We always carried just enough kit for the job, but often this was way above the infantry's standard 55lb bergen. If we were putting in an OP we had to carry everything in on our backs. So all of the OP kit, optics etc had to be shared around the team, on top of our personal kit. I think us Brits operate in a different way to the US Army anyway, because every poor infantry fucker carries 55lbs as standard. Correct me if im wrong, but the duration of your patrols means you need less kit.
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Post by Silverback »

My last experience with Royal Marines is well documented on this site. The problem as I see it is we (The US Army) focus too much on running as a means to achieve cardiovascualr fitness. I have witnessed guys that could run 10 miles very fast getting folded up by their rucks on a cold muddy drop zone. I think we need to build more lean muscle mass and get away from the "How fast is your 10 mile time" mentality.

I hold the British forces in general in high regard for their ruck fitness level. Whenever I went to a school hosted by the Brits we had to conduct some kind of ruck march/run in order to be accepted into the class. This was a test of whether or not a man applying for a given course can actually move/maneuver with his individual equipment.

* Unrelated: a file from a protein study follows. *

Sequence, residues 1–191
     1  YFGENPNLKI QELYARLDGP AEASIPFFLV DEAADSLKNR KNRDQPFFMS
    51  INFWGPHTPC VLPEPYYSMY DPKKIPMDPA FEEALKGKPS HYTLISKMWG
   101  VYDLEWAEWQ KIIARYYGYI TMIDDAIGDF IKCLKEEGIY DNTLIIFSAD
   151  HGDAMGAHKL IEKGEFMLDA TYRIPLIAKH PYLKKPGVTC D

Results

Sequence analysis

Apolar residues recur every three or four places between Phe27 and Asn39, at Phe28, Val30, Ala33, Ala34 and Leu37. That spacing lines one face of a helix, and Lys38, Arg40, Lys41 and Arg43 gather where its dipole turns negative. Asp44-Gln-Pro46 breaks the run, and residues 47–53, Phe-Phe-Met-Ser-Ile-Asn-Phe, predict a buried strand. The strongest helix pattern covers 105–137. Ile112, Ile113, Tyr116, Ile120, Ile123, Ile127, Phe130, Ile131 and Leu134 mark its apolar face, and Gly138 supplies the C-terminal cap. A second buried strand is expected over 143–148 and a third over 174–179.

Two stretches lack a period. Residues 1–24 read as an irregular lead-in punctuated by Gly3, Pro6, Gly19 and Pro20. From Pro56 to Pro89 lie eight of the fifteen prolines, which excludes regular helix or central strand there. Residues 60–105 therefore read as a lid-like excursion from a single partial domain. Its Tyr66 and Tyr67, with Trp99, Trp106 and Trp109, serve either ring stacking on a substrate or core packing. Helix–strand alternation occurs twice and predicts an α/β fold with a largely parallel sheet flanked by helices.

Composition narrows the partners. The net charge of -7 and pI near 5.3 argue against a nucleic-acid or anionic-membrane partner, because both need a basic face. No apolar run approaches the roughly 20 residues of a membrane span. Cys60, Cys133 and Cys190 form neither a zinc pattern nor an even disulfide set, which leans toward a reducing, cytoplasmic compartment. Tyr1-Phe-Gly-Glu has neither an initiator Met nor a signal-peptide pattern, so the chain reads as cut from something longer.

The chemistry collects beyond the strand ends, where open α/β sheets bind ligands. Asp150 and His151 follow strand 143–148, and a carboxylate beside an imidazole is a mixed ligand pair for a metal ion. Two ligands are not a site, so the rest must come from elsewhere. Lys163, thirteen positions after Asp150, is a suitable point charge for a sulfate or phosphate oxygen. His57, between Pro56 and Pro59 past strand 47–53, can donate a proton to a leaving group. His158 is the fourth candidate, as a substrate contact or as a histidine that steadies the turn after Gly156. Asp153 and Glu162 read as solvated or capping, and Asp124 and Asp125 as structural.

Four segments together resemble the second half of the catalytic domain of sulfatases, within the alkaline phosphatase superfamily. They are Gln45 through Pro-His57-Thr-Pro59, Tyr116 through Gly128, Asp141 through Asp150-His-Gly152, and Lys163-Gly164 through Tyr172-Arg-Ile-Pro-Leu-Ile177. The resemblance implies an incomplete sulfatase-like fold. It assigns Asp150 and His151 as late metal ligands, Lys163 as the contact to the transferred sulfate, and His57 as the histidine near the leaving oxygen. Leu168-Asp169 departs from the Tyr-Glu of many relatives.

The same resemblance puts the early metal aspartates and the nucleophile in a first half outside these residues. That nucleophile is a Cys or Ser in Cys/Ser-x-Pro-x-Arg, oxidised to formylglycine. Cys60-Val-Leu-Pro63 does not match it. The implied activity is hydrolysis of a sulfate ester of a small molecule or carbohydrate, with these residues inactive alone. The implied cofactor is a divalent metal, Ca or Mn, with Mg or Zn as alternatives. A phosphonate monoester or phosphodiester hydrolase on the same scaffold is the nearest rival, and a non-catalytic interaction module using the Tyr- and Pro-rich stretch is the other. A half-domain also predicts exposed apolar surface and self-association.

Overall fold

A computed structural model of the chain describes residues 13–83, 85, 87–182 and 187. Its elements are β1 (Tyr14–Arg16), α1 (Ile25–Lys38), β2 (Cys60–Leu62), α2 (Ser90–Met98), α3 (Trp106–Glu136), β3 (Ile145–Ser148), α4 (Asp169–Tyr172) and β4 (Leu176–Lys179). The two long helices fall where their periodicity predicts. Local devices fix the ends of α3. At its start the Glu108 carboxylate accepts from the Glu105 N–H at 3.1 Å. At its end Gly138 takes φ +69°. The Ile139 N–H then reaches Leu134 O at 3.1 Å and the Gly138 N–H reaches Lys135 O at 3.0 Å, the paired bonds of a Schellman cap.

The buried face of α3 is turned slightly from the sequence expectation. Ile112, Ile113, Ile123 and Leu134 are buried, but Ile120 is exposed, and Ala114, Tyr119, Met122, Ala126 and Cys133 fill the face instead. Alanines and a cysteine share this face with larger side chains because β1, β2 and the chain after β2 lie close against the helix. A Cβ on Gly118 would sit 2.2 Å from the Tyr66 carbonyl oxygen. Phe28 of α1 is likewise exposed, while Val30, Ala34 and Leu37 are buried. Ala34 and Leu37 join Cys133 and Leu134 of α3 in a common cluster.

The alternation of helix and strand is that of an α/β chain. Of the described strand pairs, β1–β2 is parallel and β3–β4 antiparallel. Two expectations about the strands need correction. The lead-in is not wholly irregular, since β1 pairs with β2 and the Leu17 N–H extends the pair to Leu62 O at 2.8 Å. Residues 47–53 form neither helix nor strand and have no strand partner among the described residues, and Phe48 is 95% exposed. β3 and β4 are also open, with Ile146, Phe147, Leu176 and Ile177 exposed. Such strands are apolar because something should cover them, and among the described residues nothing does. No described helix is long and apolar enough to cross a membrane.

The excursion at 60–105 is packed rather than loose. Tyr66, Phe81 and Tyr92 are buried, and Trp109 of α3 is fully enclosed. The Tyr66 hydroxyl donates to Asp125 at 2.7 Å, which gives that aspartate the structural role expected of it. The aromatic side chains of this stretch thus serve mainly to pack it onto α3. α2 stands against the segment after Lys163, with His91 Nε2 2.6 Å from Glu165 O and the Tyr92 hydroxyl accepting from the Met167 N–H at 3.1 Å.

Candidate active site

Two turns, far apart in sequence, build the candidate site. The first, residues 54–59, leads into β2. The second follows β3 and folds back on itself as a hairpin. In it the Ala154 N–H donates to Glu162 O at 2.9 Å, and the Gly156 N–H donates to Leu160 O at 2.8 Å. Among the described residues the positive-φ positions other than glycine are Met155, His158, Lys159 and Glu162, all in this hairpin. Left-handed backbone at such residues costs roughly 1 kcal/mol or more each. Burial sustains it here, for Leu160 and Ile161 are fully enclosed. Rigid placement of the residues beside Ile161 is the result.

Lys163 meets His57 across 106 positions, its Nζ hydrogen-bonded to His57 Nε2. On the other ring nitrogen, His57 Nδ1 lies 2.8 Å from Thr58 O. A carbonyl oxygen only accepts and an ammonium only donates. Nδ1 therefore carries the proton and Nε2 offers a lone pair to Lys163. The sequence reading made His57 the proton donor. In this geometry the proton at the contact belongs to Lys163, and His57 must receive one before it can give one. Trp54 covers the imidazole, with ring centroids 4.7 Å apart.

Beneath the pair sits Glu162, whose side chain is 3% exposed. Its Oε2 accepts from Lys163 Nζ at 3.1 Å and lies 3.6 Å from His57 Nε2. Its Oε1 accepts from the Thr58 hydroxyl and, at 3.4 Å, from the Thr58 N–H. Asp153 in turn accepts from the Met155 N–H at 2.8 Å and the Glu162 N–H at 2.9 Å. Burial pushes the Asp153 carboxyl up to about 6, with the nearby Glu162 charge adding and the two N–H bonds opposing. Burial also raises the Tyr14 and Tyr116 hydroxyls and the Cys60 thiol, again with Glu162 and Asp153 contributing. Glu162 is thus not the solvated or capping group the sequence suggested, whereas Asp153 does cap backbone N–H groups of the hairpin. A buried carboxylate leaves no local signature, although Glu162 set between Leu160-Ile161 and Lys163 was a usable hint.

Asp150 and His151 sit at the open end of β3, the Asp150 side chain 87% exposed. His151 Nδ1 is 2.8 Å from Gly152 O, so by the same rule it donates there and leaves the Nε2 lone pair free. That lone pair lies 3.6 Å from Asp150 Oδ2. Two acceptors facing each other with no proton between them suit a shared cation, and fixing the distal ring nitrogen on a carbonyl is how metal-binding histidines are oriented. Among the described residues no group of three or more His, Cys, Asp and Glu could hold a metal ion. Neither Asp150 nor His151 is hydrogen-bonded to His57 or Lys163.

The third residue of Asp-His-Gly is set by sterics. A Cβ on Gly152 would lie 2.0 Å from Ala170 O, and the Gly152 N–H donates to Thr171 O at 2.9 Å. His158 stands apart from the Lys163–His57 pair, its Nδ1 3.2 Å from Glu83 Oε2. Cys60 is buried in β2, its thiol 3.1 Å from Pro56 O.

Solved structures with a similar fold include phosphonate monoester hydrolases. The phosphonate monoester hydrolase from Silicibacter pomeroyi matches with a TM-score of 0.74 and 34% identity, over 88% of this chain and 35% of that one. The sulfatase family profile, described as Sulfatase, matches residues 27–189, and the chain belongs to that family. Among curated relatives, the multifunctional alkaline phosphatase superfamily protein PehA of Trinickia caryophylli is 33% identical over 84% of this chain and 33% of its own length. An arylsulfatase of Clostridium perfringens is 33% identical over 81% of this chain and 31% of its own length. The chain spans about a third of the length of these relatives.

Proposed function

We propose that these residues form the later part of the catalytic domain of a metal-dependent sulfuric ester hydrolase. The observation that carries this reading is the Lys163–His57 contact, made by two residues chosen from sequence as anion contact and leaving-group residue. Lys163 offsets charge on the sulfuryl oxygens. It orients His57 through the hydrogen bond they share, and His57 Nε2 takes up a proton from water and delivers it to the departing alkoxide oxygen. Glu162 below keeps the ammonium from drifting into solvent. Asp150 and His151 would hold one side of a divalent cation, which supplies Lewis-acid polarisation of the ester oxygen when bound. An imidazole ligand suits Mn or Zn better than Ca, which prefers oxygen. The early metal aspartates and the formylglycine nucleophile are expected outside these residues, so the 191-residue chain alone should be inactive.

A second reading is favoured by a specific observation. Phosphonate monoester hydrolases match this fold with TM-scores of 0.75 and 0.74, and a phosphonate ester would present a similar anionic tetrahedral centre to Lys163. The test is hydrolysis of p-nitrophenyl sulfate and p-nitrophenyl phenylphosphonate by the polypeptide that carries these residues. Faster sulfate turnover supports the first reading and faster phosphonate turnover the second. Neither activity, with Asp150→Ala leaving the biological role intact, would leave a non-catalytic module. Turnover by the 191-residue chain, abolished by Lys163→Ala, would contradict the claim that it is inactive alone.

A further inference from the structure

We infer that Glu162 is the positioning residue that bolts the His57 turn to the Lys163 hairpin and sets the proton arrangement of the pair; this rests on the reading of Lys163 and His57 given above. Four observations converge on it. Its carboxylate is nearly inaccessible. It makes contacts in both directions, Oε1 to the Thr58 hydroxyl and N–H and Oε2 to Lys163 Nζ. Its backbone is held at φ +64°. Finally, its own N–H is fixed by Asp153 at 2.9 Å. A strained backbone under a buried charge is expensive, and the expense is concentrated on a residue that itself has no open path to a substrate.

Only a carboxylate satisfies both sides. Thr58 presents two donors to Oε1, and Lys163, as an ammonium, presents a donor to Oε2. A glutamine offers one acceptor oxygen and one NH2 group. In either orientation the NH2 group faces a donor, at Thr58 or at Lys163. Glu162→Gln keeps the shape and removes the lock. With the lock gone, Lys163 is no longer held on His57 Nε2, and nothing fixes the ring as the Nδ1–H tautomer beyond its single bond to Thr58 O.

With that said 100lbs is not a realistic load! It's too much weight to function with.
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Re: MIKE Force

Post by Slowpoke »

Ando wrote:Was the MIKE Force program designed with the LRRPs in mind?
The MIKE Force was, if memory serves me right, made up of indigenous (SP?) personel, as a reaction force for SF. We tried some "Kit Carson" scouts (useing an ARVN Ranger on a LRRP Team) but it didn't work out very well. Too many of them didn't have the balls for the job, and the ones that did were crazy....thought they were John Wayne. That only lasted for about a month. I've heard that the 101st LRRPs tried the same thing with the same results.
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Post by Southoftheborder »

I thought this was a pretty cool thread, especially the posts made in the beginning by Slowpoke and Steadfast. When I came in on AD, there were still a couple of Vietnam vets in the reconaissance units, and I even got the opportuntiy to work on a team with the TL as a 1st Sgt (unusual for the Corps). The things these guys are saying here rings exactly as what these other guys were teaching us as well.

Even to the little stuff, like using C4 to heat your food (it seems the Corps learned that this was a smarter way to do things than heat-tabs, and it made sense since having extra explosives was ALWAYS better than having unused heat-tabs) to clearing your throat when a fast-mover or helo made a low pass through your valley or over your pos (to alleviate stress). STRONG consideration to using CS grenades in thick trees as opposed to frags. Putting CS on the outside of your claymores (although I never thought this was going to make much of a difference). Or naming your primary call-for-fire targets names that everyone in the team could easily remember (i.e., our primary call-for-fire target was always "mom").